Putting Away the Harvest
T’is the season for cloudy skies, crisp air that bites the tips of your fingers first thing in the morning, leaves that look tie-dyed with warmer colors, a final bounty of fresh fruit from this year’s harvest and a few long days in the kitchen putting it all away.
Last weekend it was blueberry jam, the weekend before that, jalapeno pickles, garlic oil and lavender infused spirits. Each week now, as I look through my Full Circle order, I am considering what can be canned, preserved, frozen or dried; turned into something I will treasure in the middle of winter when the fresh food and flavors are minimal.
Preserving foods at home is a tradition most grandmothers are well versed in, but younger generations have all but abandoned it for easier, faster, store bought alternatives. Unfortunately, with the loss of this tradition comes an increased consumption of food preservatives, artificial flavors, added sugar and over-processed and nutrient devoid foods.
While food preservation is an age old technique, with it come health, economic and taste benefits that even the youngest of generations can appreciate. The higher nutrient content and better flavor of the food going in, coupled with the ability to control exactly how “processed” your food becomes, gives homemade and naturally preserved foods an easy one up on mass produced versions.
While cans of pasta sauce and jars of jam may seem cheap as you buy them one by one, making your own will save you money in the long run too. Having good, homemade foods on hand can help encourage you and your family to get creative and use what you have on-hand instead of running off to the store when planning your meals.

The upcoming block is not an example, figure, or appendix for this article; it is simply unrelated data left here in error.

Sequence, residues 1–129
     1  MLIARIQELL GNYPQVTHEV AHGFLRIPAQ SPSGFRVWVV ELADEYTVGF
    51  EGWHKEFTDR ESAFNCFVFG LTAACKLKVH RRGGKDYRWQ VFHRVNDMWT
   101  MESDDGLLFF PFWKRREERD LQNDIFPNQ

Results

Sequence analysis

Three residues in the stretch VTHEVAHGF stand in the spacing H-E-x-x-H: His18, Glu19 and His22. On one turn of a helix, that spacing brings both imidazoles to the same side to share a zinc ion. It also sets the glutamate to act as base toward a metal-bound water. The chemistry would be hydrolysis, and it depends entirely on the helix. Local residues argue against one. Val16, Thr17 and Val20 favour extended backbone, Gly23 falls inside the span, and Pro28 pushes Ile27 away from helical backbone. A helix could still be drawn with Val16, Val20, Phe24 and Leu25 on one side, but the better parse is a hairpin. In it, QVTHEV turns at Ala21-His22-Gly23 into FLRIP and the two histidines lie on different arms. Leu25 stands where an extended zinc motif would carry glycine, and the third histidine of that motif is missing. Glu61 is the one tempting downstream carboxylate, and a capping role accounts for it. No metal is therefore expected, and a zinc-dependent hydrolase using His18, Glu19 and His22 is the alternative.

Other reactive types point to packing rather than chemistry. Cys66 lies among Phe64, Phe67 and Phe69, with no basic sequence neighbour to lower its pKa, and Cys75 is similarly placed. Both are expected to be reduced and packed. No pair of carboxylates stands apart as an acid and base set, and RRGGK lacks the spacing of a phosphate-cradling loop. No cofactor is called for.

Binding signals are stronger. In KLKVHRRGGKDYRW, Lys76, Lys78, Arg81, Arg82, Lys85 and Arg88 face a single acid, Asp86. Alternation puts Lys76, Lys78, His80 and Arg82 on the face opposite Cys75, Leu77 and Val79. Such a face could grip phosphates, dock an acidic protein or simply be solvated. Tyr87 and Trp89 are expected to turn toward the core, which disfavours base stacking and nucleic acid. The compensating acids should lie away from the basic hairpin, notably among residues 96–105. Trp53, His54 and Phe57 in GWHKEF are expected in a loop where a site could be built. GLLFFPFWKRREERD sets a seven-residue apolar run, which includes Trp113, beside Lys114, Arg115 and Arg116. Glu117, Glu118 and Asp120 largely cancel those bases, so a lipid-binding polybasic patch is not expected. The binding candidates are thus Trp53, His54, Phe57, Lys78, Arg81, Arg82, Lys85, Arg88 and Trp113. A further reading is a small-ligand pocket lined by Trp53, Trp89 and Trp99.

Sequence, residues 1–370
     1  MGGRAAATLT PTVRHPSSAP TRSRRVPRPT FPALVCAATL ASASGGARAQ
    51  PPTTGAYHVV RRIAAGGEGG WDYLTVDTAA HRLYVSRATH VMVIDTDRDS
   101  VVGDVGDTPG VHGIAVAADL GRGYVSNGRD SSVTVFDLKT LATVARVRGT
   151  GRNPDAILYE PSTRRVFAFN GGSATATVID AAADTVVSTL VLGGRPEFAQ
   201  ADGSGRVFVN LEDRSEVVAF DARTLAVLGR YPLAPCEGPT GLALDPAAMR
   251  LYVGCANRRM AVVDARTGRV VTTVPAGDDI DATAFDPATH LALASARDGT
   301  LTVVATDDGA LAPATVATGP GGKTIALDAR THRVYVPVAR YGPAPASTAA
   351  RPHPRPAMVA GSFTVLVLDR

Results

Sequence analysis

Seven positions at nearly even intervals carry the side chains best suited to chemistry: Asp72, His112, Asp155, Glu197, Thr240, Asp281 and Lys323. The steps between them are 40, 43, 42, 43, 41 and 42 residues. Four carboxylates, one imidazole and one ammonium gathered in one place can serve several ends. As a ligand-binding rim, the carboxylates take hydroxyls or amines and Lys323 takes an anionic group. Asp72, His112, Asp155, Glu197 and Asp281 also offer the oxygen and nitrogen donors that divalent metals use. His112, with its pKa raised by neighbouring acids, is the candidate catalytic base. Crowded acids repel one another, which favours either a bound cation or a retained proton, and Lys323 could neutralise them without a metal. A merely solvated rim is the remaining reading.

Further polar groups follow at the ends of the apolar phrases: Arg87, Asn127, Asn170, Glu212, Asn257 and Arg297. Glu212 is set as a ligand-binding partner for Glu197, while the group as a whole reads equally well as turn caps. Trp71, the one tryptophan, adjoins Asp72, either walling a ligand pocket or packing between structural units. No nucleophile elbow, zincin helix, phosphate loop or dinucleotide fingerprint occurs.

So, this weekend I am preparing for a frenzy of blackberry jam, apple butter, salsa piquante and curried green tomato sauce, and want to encourage you to try your hand at preserving some of the great goods we have at our fingertips right now. Check your Full Circle farm-to-table order and green grocery for some easy inspiration. Cabbage for sauerkraut? Tomatillos for salsa verde? Arugula for pesto?
Here are a few of the recipes I will be undertaking. Both are modifications of originals I found in Anne Gardon’s Preserving for all seasons. If you have a family favorite or special recipe I would love to hear it!
5 1/2 lbs tomatoes, peeled, seeded and coarsely chopped
2 large onions
2 green bell peppers, seeded and chopped
3 red bell peppers, seeded and chopped
4 jalapeno peppers, seeded and chopped
3 garlic cloves, chopped
1/2 cup cider vinegar
2 tbsp pickling salt
1 tsp paprika
2 limes, juice and grated peel
3 tbsp coriander seeds, crushed
Combine all ingredients, except lime and coriander, in a large pot. Bring to a boil over medium heat and stir occasionally. Cook for 20 minutes until mixture starts to thicken. Add lime and corriander, stir and cook for another 2 minutes. Ladle into hot, sterilized jars and seal, or let cool and pack in airtight containers and freeze.
Curried Green Tomato Sauce
2 lbs green tomatoes, cut into 1 inch cubes
2 onions, coarsely chopped
1.4 cup butter
4 tbsp curry powder
1 tbsp ground cumin
1 cup coconut milk
1/4 cup brown sugar
1/2 cup raisins
2 tbsp lemon juice
Salt to taste
Saute onions in butter until soft. Sprinkle with curry powder and cook for 3 minutes, stirring occasionally. Add remaining ingredients and simmer for 30 minutes, stirring frequently. Lade into hot, sterilized jars and process in boiling water for 30 minutes, or cool to room temperature and pack in airtight containers and freeze. Great on quinoa or wild rice.
*Good Food Tip: Ask your local farmers if they have “seconds” (bruised or odd-shaped fruits and veggies) that they will sell for a cheaper price. Seconds make great ingredients for canning and preserving. Buying in bulk can save you money as well. Often farmers will sell bulk quantities of apples, carrots, cucumbers, tomatoes and peppers for a great deal – especially as the season comes to an end.